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Tag: James Levine

Tanglewood: an updated 2010 Season Preview, and a Backwards Look at 2009 – James Levine not to appear.

The news I have been expecting has now officially arrived:

James Levine will withdraw from his concerts with the BSO and Tanglewood Music Center due to further recuperation time needed after recent back surgery.

Michael Tilson Thomas will lead the BSO opening night performance of Mahler’s Symphony No. 2 on July 9, and Stravinsky’s Symphony of Psalms and Mozart’s Requiem on July 16, as well as the Tanglewood Music Center Orchestra in Mahler’s Symphony No. 3 on July 17.

Christoph von Dohnányi will conduct the staged Tanglewood Music Center Production of Strauss’s Ariadne Auf Naxos on August 1 And 2.

Johannes Debus will have his BSO Debut, conudctin Mozart’s The Abduction From Seraglio on July 23

Hans Graf will lead the BSO in program of marches, waltzes, and polkas by the Strauss Family on July 25 .

An announcement about substitute conductor for program of Strauss’s Four Last Songs and Mahler’s Symphony No. 4 with Soprano Hei-Kyung Hong on July 31 will be forthcoming.

These and other changes have been entered in the season schedule below.

What can one say to this? I left my opening sentence as it was, because Maestro Levine’s cancellations are now routine. I wrote a defense of the Maestro back in February, and that still stands. Levine has improved the orchestra, organized some excellent programs, and conducted some brilliant performances, along with some mediocre ones. There is nothing sadder than being unable to work, especially if it is an artistic vocation to which one is devoted, and Mr. Levine’s health may well be out of his control, but he has disappointed his audiences and his TMC students for too long. He has missed 60% of his BSO engagements this past season, and now there is more. We don’t know what to expect next season, either at the BSO or at the Met, where Levine was to inaugurate a much-publicized new Ring Cycle. There is enough evidence for us to conclude that he is truly physically incapable of pursuing the agenda he has taken up at both institutions. It is time for him to cut back his commitments to the point where he can give his best to his public and his students on a reliable, if not consistent basis.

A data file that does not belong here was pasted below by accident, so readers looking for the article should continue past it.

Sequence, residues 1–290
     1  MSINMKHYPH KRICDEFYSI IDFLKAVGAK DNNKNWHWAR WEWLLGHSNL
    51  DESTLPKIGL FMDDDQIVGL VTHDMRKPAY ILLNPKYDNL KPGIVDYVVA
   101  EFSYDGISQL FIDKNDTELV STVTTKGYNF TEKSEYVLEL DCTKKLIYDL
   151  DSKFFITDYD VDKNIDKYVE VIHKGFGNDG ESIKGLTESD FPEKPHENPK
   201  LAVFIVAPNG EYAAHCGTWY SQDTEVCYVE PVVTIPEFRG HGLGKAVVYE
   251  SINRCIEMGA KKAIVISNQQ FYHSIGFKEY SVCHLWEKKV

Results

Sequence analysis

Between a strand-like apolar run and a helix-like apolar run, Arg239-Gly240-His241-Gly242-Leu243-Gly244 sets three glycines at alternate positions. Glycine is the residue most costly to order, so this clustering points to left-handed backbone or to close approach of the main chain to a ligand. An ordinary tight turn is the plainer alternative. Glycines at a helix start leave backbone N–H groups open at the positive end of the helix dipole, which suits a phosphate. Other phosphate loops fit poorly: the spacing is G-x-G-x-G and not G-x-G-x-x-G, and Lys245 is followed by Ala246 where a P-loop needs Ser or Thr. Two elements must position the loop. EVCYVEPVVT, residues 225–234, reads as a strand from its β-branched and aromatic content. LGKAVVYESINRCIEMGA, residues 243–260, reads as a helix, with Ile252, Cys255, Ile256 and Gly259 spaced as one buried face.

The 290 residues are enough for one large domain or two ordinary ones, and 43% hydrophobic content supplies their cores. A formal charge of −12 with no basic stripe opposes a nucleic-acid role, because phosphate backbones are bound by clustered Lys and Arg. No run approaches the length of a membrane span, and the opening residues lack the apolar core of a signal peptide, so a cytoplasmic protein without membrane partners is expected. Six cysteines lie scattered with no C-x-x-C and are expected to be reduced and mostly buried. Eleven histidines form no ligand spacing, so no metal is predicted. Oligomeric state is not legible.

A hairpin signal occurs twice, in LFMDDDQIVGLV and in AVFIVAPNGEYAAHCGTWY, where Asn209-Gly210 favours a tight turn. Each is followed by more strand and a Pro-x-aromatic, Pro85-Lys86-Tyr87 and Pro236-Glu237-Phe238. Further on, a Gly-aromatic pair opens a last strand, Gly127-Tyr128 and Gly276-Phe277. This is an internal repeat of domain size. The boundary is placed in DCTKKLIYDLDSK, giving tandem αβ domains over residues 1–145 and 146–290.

About Michael Miller

Michael Miller, Editor and Publisher of New York Arts and The Berkshire Review, an International Journal for the Arts, was trained as a classicist and art historian at Harvard and Oxford, worked in the art world for many years as a curator and dealer, and contributed reviews and articles to Bostonia, Master Drawings, Drawing, Threshold, and North American Opera Journal, as well as numerous articles for scholarly and popular periodicals. He has taught courses in classics, the English language, and art history at Oberlin, Rutgers, New York University, the New School, and Williams. Currently, when he is not at work on The Berkshire Review and New York Arts, he writes fiction, pursues photography, and publishes scholarly work. In 2011 he contributed an introductory essay to Leonard Freed: The Italians / exh. cat. Io Amo L’Italia, exhibition at Le Stelline, Milan, and wrote the revised the section on American opera houses in The Grove Dictionary of American Music. He is currently at work on a libretto for a new opera by Lewis Spratlan, Midi, an adaptation of Euripides’ Medea set in the French West Indies, ca. 1930.

Beethoven’s Third and Fourth Symphonies…Levine and the BSO

In October 1803, Beethoven’s student Ferdinand Ries wrote a publisher about the new Third Symphony: “In his own opinion it is the greatest work he has yet written. Beethoven played it for me recently, and I believe that heaven and earth will tremble when it is performed. He is very much inclined to dedicate it to Bonaparte.” Ries was speaking metaphorically, and, metaphorically, he was right. In the world of music, the Third did shake heaven and earth. As the longest, most complex, most intense, most personal symphony ever written, it met the inevitable incomprehension in its first performances, but within two years some critics were calling it the greatest symphony ever written and a model for the future.